Prayer & Fasting, Day 21: God is Generous.

The eyes of all look to you, and you give them their food in due season. You open your hand; you satisfy the desire of every living thing. (Psalm 145:15-16). And I tell you, ask, and it will be given to you; seek, and you will find; knock, and it will be opened to you. For everyone who asks receives, and the one who seeks finds, and to the one who knocks it will be opened. What father among you, if his son asks for a fish, will instead of a fish give him a serpent; or if he asks for an egg, will give him a scorpion? If you then, who are evil, know how to give good gifts to your children, how much more will the heavenly Father give the Holy Spirit to those who ask him!” (Luke 11:9-13).

Therefore do not be anxious, saying, ‘What shall we eat?’ or ‘What shall we drink?’ or ‘What shall we wear?’ For the Gentiles seek after all these things, and your heavenly Father knows that you need them all. But seek first the kingdom of God and his righteousness, and all these things will be added to you. (Luke 6:31-33).

Have you ever attempted to communicate with someone, but failed miserably? When it comes to God’s generosity, there’s been a terrible miscommunication. Largely, the world divides into two camps about God’s generosity. In one camp, you find the worriers. These are the ones who are so concerned about money, possessions, career, and the other stuff of life, that they are terrified when and if they lack it. The worriers can never have enough, because they can never rest assured they will be taken care of.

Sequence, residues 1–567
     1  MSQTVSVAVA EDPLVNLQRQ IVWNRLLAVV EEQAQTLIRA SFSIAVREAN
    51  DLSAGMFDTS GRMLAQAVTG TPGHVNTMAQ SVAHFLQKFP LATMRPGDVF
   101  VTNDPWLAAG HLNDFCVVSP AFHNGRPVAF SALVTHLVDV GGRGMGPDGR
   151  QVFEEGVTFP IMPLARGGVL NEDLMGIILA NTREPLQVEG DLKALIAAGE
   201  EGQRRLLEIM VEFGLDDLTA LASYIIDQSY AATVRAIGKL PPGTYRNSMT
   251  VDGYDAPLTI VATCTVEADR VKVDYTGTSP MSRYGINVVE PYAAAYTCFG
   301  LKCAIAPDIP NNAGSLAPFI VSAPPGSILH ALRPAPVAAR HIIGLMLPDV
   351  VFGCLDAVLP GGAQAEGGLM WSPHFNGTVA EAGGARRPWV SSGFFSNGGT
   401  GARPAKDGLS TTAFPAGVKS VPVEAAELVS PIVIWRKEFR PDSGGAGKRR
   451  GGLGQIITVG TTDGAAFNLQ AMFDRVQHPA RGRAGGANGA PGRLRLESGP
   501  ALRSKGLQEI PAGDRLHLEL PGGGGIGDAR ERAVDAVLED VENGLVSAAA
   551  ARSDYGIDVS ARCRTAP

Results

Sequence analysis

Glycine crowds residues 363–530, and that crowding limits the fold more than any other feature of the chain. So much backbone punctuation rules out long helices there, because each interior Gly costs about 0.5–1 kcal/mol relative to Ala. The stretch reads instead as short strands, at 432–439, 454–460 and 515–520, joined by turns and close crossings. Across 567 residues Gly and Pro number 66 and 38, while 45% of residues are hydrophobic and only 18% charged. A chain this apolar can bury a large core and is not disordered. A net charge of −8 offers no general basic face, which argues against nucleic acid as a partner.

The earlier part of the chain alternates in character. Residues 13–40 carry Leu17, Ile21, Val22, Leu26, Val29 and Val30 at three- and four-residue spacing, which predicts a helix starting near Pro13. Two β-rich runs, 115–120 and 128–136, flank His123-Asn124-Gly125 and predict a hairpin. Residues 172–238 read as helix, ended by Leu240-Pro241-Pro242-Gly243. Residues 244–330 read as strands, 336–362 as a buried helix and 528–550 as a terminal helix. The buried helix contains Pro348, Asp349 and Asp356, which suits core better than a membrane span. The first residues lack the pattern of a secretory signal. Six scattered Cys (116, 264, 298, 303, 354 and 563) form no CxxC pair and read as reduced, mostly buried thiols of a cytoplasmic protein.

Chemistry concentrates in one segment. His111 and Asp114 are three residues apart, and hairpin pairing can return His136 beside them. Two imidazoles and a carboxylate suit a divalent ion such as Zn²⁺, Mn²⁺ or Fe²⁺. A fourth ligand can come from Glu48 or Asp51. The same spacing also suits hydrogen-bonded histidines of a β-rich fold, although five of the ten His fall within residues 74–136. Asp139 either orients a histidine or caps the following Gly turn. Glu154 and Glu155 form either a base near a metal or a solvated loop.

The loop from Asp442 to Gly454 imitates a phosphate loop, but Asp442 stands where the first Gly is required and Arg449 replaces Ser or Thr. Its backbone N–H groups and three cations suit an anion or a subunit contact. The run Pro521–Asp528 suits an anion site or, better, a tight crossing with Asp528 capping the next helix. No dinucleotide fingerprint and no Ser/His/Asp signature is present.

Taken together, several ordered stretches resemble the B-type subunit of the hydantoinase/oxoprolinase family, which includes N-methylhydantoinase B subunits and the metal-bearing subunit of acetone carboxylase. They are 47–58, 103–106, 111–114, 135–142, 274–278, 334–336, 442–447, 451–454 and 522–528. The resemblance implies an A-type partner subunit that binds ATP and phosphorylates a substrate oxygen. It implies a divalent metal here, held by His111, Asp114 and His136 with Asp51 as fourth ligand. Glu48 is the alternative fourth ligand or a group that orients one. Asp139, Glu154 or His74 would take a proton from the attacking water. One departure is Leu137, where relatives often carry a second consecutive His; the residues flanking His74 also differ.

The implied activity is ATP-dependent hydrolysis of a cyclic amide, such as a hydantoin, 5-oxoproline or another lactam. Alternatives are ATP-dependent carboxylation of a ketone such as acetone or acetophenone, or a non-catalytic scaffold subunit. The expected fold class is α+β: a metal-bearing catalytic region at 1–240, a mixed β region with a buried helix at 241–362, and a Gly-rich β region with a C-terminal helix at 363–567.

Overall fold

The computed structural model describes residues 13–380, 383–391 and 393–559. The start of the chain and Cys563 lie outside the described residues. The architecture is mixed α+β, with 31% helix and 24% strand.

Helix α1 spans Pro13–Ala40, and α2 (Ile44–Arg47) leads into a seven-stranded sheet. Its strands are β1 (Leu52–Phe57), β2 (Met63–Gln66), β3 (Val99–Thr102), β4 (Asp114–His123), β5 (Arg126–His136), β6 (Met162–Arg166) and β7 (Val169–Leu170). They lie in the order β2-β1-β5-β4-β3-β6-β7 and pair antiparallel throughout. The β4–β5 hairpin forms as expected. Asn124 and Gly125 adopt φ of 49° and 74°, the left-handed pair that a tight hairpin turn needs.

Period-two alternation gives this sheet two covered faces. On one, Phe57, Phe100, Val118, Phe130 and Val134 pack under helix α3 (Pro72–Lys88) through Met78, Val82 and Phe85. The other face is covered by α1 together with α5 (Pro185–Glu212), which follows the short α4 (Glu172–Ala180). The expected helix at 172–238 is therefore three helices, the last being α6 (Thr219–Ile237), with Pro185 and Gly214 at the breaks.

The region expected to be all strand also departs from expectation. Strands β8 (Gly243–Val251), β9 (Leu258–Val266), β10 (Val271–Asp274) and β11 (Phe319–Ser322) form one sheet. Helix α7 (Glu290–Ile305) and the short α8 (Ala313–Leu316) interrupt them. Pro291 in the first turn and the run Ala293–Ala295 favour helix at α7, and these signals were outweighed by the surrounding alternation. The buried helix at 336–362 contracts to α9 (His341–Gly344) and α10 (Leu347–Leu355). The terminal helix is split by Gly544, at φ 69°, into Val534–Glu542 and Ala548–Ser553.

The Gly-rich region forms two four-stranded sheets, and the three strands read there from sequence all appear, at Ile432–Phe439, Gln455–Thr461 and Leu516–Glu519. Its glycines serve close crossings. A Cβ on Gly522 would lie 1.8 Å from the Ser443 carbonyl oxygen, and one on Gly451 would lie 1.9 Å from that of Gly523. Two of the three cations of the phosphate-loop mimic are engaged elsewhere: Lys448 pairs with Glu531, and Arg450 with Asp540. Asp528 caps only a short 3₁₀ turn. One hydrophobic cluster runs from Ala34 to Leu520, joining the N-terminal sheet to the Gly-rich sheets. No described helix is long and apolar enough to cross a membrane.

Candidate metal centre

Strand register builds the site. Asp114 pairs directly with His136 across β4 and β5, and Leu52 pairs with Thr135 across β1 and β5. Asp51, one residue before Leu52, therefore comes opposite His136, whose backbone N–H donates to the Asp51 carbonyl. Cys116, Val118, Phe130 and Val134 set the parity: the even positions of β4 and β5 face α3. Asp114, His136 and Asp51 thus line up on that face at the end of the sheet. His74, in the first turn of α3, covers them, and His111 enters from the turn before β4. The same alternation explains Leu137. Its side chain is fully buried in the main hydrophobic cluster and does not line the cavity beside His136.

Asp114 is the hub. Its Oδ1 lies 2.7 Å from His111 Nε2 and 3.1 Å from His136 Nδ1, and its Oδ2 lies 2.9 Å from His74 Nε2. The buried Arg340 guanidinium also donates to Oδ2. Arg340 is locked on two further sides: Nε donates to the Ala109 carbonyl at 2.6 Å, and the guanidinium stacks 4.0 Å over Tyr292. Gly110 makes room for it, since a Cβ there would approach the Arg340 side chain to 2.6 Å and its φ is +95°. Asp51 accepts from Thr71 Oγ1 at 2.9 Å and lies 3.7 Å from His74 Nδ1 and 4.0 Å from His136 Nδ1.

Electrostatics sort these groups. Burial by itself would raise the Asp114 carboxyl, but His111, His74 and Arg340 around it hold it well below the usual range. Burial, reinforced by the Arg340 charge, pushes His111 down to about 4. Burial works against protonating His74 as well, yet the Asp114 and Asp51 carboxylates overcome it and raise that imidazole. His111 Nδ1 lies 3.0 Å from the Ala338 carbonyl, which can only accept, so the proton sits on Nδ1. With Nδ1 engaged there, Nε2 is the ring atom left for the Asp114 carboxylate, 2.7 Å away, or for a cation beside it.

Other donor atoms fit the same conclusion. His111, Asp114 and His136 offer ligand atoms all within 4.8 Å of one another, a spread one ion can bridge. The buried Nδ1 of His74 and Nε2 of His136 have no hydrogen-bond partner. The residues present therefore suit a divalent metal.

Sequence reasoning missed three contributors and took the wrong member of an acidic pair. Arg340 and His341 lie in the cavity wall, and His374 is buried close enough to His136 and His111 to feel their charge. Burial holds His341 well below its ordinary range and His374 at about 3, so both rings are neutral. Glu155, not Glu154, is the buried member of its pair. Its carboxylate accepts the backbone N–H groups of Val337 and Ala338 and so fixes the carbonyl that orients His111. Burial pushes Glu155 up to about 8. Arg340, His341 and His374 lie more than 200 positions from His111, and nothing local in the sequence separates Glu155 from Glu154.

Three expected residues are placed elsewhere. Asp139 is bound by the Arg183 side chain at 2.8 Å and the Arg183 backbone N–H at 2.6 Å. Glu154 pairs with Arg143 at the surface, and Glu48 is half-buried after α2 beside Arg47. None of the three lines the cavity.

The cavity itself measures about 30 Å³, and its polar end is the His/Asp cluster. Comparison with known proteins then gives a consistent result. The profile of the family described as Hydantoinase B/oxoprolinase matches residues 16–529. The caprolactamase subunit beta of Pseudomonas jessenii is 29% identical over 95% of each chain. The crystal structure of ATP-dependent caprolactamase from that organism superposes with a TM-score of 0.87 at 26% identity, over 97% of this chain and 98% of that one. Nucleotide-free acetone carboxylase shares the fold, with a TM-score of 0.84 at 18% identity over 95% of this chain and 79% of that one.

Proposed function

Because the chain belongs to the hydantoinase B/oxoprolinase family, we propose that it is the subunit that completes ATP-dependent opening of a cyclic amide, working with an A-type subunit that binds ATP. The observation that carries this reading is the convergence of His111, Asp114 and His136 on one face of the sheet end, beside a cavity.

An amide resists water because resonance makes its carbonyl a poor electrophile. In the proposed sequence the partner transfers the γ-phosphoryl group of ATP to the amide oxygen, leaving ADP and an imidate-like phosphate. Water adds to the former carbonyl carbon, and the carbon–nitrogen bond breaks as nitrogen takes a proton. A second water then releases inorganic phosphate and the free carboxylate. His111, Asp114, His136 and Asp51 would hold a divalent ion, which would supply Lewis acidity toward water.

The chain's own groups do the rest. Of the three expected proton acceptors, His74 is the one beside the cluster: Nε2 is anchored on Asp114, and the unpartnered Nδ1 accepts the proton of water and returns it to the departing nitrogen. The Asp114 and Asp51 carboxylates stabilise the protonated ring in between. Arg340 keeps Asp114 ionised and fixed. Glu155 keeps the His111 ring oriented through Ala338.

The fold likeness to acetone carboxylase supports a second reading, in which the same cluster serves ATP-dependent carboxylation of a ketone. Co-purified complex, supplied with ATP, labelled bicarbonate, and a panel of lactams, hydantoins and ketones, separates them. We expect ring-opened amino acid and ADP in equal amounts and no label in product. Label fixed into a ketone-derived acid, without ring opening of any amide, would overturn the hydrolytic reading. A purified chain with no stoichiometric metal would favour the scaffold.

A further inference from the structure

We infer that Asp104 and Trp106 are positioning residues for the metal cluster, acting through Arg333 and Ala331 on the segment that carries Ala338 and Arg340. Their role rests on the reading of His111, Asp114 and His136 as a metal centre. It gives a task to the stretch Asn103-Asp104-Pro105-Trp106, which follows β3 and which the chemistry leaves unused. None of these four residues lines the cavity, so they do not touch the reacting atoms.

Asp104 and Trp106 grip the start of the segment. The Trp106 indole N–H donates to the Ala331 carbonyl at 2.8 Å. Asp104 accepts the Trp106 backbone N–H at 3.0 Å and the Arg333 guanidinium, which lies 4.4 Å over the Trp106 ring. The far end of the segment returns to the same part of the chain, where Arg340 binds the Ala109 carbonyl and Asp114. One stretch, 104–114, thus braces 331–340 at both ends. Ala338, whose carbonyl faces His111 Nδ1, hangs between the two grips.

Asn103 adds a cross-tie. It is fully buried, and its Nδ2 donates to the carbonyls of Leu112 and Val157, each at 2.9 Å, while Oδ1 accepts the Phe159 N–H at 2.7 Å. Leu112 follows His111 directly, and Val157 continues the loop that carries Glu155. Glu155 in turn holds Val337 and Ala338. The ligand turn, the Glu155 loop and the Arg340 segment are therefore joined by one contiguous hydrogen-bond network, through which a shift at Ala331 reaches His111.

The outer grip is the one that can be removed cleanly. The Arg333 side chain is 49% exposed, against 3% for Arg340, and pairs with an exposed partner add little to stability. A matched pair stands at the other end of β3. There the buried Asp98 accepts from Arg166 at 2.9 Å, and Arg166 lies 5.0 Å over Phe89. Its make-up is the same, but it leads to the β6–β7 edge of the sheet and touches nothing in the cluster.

On the other end of the spectrum, you find the willers. These are those that presume that relationship with God will make them rich, prosperous, healthy, and pain-free. Their prayers aren’t supplications of trust in God, but spell-like manipulations of God. They will money into their pockets from Heaven’s coffers. But, when suffering or lack does come, they fall away. Why? Because either God failed to provide or they failed to believe hard enough.

Jesus wasn’t a worrier or a willer. He didn’t have to be, because he knew God like a man knows a friend; like a son knows his dad. We don’t have to worry, because we know what God is like. He’s generous—exceedingly so. Jesus reminded his followers that even earthly dads take care of their kids. How much more, then, can we trust our heavenly one to give us even more? Indeed, Jesus said the gift God has waiting for us is better—the Holy Spirit himself. We don’t have to worry. God is good, and God is generous. The locus of our peace isn’t on our ability to understand how he provides, but on his character, that he always does.

Neither do we have to will all our provision. We’ve tried to let a love for stuff live alongside a love for God. But, as Jesus said, you can’t serve two masters. He didn’t give us promises to provide so that we could become so fixated on his provision that we attempt to manipulate God with our prayers for his stuff. Jesus said that if we seek first his kingdom and his righteousness, then everything else fall into place. Do you feel the peace associated with that? Do you feel the stalwart confidence that produces? If not, then perhaps you’re a worrier, or a willer.

Today, relax. Don’t worry about money, houses, spouses, and stuff. God has all that taken care of, and he already knows you need it. Pray, repent of worry, and ask God to provide for your needs. He’s really generous. Don’t will your money into existence, either. Don’t cut out all the promises about money from the Bible and only read those. Read them next to all the other ones. If you do, you’ll find that the goodness of God’s stuff wasn’t designed to make us want more of it, but of God himself.